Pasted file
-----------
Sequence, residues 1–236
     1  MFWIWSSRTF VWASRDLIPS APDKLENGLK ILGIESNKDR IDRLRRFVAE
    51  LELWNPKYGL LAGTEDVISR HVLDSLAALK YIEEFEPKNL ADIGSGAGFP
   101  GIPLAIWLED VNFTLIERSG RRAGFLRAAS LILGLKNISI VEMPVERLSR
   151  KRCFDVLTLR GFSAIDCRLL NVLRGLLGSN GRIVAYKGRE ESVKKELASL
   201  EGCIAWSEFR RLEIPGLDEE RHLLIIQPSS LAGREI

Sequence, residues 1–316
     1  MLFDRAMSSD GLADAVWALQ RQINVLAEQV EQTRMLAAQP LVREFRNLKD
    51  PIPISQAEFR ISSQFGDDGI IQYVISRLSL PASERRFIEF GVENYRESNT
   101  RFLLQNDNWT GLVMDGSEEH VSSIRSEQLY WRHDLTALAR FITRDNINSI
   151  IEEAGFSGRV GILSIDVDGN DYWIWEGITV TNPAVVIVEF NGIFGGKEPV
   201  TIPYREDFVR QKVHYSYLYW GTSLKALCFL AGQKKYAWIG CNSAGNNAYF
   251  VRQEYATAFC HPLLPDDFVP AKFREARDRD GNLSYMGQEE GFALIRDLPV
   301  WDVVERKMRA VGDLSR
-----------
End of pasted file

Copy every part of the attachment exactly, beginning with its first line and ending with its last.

Sequence, residues 1–236
     1  MFWIWSSRTF VWASRDLIPS APDKLENGLK ILGIESNKDR IDRLRRFVAE
    51  LELWNPKYGL LAGTEDVISR HVLDSLAALK YIEEFEPKNL ADIGSGAGFP
   101  GIPLAIWLED VNFTLIERSG RRAGFLRAAS LILGLKNISI VEMPVERLSR
   151  KRCFDVLTLR GFSAIDCRLL NVLRGLLGSN GRIVAYKGRE ESVKKELASL
   201  EGCIAWSEFR RLEIPGLDEE RHLLIIQPSS LAGREI

Sequence, residues 1–316
     1  MLFDRAMSSD GLADAVWALQ RQINVLAEQV EQTRMLAAQP LVREFRNLKD
    51  PIPISQAEFR ISSQFGDDGI IQYVISRLSL PASERRFIEF GVENYRESNT
   101  RFLLQNDNWT GLVMDGSEEH VSSIRSEQLY WRHDLTALAR FITRDNINSI
   151  IEEAGFSGRV GILSIDVDGN DYWIWEGITV TNPAVVIVEF NGIFGGKEPV
   201  TIPYREDFVR QKVHYSYLYW GTSLKALCFL AGQKKYAWIG CNSAGNNAYF
   251  VRQEYATAFC HPLLPDDFVP AKFREARDRD GNLSYMGQEE GFALIRDLPV
   301  WDVVERKMRA VGDLSR